EGU22-3168
https://doi.org/10.5194/egusphere-egu22-3168
EGU General Assembly 2022
© Author(s) 2022. This work is distributed under
the Creative Commons Attribution 4.0 License.

Thermodynamic analysis of the olivenite-libethenite solid solution

Juraj Majzlan1, Martin Števko2, Alexandra Plumhoff1, Edgar Dachs3, and Artur Benisek3
Juraj Majzlan et al.
  • 1(juraj.majzlan@uni-jena.de) Institute of Geosciences, Friedrich-Schiller University, Burgweg 11, 07749 Jena, Germany
  • 2(martin.stevko@savba.sk) Earth Science Institute, Slovak Academy of Sciences, Dúbravská cesta 9, 84101 Bratislava, Slovakia
  • 3(Edgar.Dachs@sbg.ac.at) Department of Chemistry and Physics of Materials, University of Salzburg, Jakob-Haringer-Strasse 2a, 5020 Salzburg, Austria

Minerals of the olivenite-libethenite [Cu2(AsO4)(OH)-Cu2(PO4)(OH)] group appear at many sites with secondary copper oxysalts. Their structural arrangement seems to be particularly stable and is also found in minerals in other classes, such as in andalusite or kieserite. Thermodynamic properties of the end members were investigated before and suggest that olivenite is the most stable Cu arsenate. In this contribution, we inspected in a detail the solid solution series between olivenite and libethenite.

Samples used in this work were synthetic, prepared from aqueous solutions with Cu(NO3)2, (NH4)H2PO4, and Na2HAsO4. Chemical composition of the members of the olivenite-libethenite solid solution were determined by ICP-OES. The relative proportions of the cations (As/P) differ little from the initial ratios in the parental solutions. For libethenite and a few solid-solution members, the orthorhombic space group Pnnm was taken for the refinement of the powder XRD data. For olivenite and the remaining, most solid-solution members, the monoclinic space group P21/n yielded slightly better results. Acid solution calorimetry in 5 N HCl showed that the solid solution is thermodynamically non-ideal, with positive enthalpies of mixing. The data indicate slight asymmetry and can be fit by a function Hex = Xoli·Xlib [A + B(Xoli – Xlib)], where Xoli and Xlib are the mole fractions of olivenite and libethenite component, respectively, and A = 6.27±0.16 kJ·mol–1, B = 2.90±0.5 kJ·mol–1. The asymmetry and positive excess enthalpies of mixing are confirmed by autocorrelation analysis of Fourier-transform infrared spectra. The results are interpreted as a local heterogeneity that arises from strain relaxation around cations with different sizes (As5+/P5+) in the intermediate members. The length scale of the heterogeneity corresponds to the wavelength of the phonons, on the order of one or a few unit cells. A distinct feature in the Hex data is the sudden drop of the mixing enthalpies between Xlib = 0.7 and 0.8. This feature can be explained by a subtle symmetry change in the solid solution from orthorhombic to monoclinic. The energetic difference between these two configurations is 0.9 kJ·mol–1. Excess entropies are zero within the uncertainties of the measurements, with one exception (at Xlib = 0.2). Excess volumes show a complicated, non-linear dependence on Xlib. Addition of PO4 into olivenite causes contraction of the unit cell, as expected for substitution of a smaller for a smaller cation. On the other side of the solid solution, addition of AsO4 into olivenite causes expansion of the unit cell. The variations of Vex are related to the interplay of cation-size differences and the small driving force between the two related (orthorhombic/monoclinic) structure. The olivenite-libethenite solid solution is non-ideal but the deviation from ideality is too small for a development of a miscibility gap. In nature, the As/(As+P) ratio in such minerals is controlled by geochemical rather than thermodynamic factors.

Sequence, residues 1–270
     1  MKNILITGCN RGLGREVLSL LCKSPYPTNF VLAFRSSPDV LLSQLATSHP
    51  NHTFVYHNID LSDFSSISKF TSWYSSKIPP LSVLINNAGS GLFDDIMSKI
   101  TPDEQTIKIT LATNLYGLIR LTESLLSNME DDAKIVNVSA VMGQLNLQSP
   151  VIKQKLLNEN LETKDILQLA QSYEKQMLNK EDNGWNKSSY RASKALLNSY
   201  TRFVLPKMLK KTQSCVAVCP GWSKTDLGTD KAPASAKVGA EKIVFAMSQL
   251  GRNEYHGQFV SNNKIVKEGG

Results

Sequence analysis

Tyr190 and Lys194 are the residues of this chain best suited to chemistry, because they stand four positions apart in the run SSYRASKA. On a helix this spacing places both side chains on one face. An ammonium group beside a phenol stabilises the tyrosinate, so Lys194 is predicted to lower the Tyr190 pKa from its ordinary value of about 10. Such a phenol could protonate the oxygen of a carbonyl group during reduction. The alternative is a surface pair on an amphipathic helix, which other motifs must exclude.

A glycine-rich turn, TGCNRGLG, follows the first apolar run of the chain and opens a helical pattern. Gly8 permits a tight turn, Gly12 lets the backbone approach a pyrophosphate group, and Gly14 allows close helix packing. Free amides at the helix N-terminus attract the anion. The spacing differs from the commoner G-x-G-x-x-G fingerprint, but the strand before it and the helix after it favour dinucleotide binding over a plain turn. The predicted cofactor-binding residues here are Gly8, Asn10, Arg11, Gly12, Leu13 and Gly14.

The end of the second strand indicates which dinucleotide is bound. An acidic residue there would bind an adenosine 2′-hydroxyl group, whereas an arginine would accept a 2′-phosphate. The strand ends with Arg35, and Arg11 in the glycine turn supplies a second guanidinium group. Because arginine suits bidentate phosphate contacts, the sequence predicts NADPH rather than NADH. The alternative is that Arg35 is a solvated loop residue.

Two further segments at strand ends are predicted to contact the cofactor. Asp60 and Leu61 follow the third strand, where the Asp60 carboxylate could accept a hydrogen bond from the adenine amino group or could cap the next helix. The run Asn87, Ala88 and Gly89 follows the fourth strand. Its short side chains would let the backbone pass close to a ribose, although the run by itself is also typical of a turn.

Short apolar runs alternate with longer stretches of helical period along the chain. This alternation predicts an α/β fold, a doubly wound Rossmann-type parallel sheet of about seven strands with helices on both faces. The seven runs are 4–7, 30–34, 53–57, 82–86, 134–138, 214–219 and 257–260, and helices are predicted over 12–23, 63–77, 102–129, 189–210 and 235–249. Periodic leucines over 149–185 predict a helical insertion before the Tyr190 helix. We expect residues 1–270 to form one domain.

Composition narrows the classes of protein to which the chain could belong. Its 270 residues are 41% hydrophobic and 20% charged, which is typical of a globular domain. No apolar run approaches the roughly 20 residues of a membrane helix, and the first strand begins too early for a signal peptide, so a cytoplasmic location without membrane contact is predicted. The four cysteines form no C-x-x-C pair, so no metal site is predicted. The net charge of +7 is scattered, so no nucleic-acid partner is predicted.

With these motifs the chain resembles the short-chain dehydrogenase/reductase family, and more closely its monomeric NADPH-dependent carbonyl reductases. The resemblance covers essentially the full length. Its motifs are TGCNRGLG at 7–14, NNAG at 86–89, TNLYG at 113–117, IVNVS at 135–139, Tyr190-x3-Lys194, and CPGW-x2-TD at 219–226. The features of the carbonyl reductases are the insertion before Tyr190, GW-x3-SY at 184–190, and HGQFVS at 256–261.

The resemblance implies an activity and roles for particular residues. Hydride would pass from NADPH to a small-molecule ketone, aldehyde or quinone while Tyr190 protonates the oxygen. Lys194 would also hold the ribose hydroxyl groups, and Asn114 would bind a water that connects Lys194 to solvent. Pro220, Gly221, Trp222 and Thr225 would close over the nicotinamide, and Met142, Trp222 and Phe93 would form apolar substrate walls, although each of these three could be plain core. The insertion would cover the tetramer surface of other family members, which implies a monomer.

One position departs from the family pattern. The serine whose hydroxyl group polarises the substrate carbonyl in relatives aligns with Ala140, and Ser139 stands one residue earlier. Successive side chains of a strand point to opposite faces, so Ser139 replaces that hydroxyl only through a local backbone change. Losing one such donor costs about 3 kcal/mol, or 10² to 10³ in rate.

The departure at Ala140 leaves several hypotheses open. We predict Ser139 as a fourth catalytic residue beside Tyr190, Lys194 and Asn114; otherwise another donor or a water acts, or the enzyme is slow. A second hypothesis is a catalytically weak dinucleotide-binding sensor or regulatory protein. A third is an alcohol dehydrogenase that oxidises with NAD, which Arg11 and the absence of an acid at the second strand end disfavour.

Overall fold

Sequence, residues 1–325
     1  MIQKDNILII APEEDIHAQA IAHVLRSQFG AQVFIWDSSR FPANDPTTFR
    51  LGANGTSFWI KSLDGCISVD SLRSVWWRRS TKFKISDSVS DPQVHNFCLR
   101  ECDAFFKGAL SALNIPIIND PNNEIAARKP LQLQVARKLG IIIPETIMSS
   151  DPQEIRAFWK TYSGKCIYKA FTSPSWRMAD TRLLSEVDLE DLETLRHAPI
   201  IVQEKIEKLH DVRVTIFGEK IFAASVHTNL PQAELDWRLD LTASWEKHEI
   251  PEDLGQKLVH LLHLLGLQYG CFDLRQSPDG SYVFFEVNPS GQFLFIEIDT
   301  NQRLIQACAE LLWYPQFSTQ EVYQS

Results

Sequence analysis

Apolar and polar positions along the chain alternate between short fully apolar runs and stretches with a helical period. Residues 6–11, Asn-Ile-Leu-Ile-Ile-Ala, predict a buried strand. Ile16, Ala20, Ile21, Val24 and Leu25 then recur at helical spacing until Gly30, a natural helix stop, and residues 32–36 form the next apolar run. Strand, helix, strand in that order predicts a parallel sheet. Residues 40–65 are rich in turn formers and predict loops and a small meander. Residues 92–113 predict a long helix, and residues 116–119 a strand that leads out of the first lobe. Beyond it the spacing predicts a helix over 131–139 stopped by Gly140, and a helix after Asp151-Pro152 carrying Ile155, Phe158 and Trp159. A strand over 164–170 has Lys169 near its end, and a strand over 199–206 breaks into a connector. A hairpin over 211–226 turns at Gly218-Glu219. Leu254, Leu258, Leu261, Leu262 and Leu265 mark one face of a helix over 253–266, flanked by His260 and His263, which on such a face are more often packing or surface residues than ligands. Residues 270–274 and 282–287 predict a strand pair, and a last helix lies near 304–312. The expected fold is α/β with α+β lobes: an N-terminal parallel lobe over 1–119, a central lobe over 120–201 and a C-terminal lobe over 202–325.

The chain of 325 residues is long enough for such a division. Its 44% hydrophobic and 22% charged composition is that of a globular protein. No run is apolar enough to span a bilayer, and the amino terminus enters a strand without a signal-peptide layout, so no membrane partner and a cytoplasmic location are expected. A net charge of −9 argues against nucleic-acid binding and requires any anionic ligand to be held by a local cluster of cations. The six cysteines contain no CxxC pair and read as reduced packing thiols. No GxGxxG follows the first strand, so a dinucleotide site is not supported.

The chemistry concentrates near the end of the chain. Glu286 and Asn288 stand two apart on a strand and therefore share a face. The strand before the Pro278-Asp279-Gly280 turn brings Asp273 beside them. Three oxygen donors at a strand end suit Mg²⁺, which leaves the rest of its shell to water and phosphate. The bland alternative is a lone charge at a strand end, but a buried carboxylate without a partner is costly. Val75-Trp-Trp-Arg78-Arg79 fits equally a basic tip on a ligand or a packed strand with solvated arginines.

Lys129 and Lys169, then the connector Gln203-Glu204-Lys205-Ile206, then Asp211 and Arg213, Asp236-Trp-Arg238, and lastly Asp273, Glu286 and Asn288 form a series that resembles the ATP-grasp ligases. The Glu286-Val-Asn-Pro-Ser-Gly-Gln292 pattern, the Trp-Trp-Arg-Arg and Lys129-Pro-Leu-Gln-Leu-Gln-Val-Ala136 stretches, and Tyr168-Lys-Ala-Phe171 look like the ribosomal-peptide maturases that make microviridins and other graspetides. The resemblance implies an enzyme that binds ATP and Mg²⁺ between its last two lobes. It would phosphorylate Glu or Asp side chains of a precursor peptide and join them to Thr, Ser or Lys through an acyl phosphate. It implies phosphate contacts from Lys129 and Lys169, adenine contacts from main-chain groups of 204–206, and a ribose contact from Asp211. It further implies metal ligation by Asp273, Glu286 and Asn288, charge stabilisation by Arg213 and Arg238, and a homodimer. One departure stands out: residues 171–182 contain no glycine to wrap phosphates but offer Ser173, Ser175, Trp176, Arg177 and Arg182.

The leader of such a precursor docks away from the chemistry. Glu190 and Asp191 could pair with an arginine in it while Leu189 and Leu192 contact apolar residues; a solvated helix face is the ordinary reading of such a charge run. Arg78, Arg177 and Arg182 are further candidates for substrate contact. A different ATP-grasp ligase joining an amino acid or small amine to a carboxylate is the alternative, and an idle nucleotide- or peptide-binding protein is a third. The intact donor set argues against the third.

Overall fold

How to cite: Majzlan, J., Števko, M., Plumhoff, A., Dachs, E., and Benisek, A.: Thermodynamic analysis of the olivenite-libethenite solid solution, EGU General Assembly 2022, Vienna, Austria, 23–27 May 2022, EGU22-3168, https://doi.org/10.5194/egusphere-egu22-3168, 2022.

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